Annette told us about their kitchen visitors and that low stone dining room wall next day. You see, the back side of the kitchens and food storage is very securely walled off with thick, high stone walls, impenetrable roofing, and metal gates so no predators can get in. So instead, a leopard and a badger came in after hours our first night there through the dining room, going for the smell of the roast beef’s grease in the kitchen ovens. The guard heard a racket. It was the leopard knocking pots and pans with his swishing tail, and as the guard went in one of the double doors to the kitchen to investigate, he passed the leopard exiting out the other half of the double doors. But the badger had already done the actual damage; it had ripped the doors off the ovens.

Anyway, as you can guess, we spent a lot of time on the verandah watching herds of beasts down below, or rather I did. The others spent more time at the swimming pool since it was all familiar to them already and the day was beastly hot. At the pool and even in all the trees around the tent/cabins there are jillions of birds that alone could occupy your whole time for watching stuff.

Sometimes there were elephant or giraffe or whatever down at the river drinking, or sloshing around in it all at the same time. Everybody down there seemed to keep on the move; it was too hot to stay still. If they did stop and lie down like I saw three wildebeest do, it was only briefly, then they were up and moseying on again. It was interesting to see paths cross, and predict who would give way to who. Baboons gave way to impala.

That troop of more than fifty baboons came on the scene late in the afternoon. I was excited to see them, as we used to watch them from across the valley raiding corn plots a lot at home at Siyabei when I was a kid. First they showed up way down on the left side of the arena, all scattered but moving slowly and persistently toward the right, so I was pretty sure they were heading for the river. Actually however, their path converged with the humans' path, which I was conscientiously staying on as requested by signs on it, up on the ridge. I didn't know they converged, and just thought it was great that they were coming parallel to me. Then I was surprised that it seemed like they kept coming higher and even closer. Finally the truth dawned on me when the front big guys showed up ahead of me on "my" path, right where it reached a crest at the end of the ridge. There were all the juveniles and mamas and babies (occasionally screaming for attention) and a few more massive males coming right along through the bushes just below me, heading up to the crest. That stopped me and I started taking pictures.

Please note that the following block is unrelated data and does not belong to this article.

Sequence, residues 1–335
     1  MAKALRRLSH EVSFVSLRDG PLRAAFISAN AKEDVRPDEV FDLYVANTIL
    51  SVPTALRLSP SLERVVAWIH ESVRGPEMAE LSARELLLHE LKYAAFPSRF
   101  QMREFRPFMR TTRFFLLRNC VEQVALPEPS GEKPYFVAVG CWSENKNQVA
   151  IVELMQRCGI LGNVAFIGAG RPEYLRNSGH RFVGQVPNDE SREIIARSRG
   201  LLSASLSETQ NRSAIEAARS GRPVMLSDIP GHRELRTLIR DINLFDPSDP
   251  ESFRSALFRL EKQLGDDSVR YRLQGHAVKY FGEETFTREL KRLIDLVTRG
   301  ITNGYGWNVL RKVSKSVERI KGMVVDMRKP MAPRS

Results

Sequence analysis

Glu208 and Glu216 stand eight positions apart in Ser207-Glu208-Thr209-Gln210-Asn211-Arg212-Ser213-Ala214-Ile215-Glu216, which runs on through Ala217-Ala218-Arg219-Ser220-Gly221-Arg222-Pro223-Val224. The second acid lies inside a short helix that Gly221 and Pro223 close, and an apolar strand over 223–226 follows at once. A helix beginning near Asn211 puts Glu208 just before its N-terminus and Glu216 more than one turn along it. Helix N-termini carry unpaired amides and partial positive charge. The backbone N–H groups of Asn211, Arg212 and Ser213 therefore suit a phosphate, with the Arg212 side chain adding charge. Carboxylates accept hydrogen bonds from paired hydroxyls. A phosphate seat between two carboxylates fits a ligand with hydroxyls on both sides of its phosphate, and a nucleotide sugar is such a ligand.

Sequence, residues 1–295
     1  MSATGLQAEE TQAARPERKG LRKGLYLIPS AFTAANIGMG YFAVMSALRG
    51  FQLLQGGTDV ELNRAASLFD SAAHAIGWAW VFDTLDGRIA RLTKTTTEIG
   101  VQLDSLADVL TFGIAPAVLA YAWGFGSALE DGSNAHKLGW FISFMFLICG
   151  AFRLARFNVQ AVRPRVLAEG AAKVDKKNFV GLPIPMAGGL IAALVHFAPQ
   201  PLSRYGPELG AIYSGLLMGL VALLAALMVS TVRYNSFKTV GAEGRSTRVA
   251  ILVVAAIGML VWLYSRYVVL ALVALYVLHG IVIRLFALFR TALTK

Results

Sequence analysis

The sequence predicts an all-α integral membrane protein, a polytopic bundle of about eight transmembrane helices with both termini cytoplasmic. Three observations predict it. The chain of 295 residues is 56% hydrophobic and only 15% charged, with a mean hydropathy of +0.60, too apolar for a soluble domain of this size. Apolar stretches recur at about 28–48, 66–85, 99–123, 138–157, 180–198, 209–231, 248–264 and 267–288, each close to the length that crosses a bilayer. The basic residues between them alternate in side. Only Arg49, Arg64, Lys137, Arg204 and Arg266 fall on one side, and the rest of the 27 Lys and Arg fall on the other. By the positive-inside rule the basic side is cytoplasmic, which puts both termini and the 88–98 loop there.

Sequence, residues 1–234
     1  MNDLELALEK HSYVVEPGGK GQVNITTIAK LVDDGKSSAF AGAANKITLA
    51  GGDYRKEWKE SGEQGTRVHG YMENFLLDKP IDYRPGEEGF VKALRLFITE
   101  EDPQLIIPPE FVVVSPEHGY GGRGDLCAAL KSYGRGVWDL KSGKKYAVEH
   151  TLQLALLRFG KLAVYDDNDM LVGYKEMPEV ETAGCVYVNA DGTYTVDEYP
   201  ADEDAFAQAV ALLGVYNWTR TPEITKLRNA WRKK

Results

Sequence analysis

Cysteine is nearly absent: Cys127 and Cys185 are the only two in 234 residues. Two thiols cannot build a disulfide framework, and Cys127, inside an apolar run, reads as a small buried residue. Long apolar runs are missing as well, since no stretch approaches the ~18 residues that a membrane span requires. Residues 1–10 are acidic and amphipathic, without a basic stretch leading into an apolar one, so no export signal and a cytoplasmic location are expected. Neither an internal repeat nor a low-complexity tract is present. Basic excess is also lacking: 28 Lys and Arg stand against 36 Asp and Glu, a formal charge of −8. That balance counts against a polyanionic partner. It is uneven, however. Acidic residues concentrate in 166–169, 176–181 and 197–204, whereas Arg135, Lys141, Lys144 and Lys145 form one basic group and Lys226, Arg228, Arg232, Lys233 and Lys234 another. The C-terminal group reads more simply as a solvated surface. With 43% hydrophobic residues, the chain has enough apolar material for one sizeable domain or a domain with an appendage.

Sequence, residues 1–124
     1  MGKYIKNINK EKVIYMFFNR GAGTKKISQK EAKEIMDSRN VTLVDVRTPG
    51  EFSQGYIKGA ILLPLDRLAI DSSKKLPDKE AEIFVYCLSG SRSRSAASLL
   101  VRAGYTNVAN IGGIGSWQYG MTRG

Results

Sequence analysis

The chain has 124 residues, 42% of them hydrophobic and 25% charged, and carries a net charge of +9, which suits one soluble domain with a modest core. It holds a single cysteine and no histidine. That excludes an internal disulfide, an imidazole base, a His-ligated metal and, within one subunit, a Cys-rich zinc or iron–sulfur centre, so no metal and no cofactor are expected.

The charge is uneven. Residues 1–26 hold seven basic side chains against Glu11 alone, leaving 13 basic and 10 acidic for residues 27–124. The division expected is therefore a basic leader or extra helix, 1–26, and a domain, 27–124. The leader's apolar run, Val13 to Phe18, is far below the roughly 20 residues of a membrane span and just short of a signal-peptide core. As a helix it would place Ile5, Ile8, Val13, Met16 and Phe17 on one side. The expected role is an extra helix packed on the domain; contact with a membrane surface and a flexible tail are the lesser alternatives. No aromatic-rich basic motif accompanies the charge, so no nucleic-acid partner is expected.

They studiously ignored me twenty or thirty feet away and seated themselves in a row on the crest with their backs to me looking at the beautiful view out over the river and valley below. But, in keeping with the way they'd been constantly on the move, gradually they started disappearing over the edge, and at last all that was left was one very big male, and a smaller juvenile, and a big mama with a baby. The mama made grunting noises to the baby, groomed it, let it run a little, hauling it back. The juvenile appropriated it and started grooming it. Then the big male came and dragged it away by one leg, about ten feet. The baby screamed, lying on its back and baring its whole mouthful of teeth up at the male, screaming nonstop. The male looked bored. It looked like he might have had a toe holding down the baby's foot. Suddenly, the baby shut up, moved away a little, and, realizing that he'd gotten away with it, scampered away back to mama. Each of them, even the baby, had glanced at me once or twice, but didn't find it very interesting. However, other times I've seen baboons suddenly unexpectedly attack each other, so I was both scared, well aware of their huge powerful jaws and teeth, and rooted.

This is about when Roy came up behind me, giving me a start. But when I saw who it was, rather than another baboon, I felt much safer, and we watched quite a while. I had wanted a look at the view from the crest in the first place, so I kept expecting them to move on so I could go look over the sharp dropoff. Finally all went over the edge except the big male, apparently the rear sentinel. We approached a few steps, and he continued to look bored. A few steps more, and he just barely moved over into the shade of a bush on the very edge, but no more. So we conceded that spot to him, and went over to the left of him to look over. There were the rest of the troop, just over the edge and keeping silent, right there in the tops of small trees which grow on the steep wall of the ridge, just feet away from us, grooming each other. We all eyed each other a bit, then we decided to leave them in peace.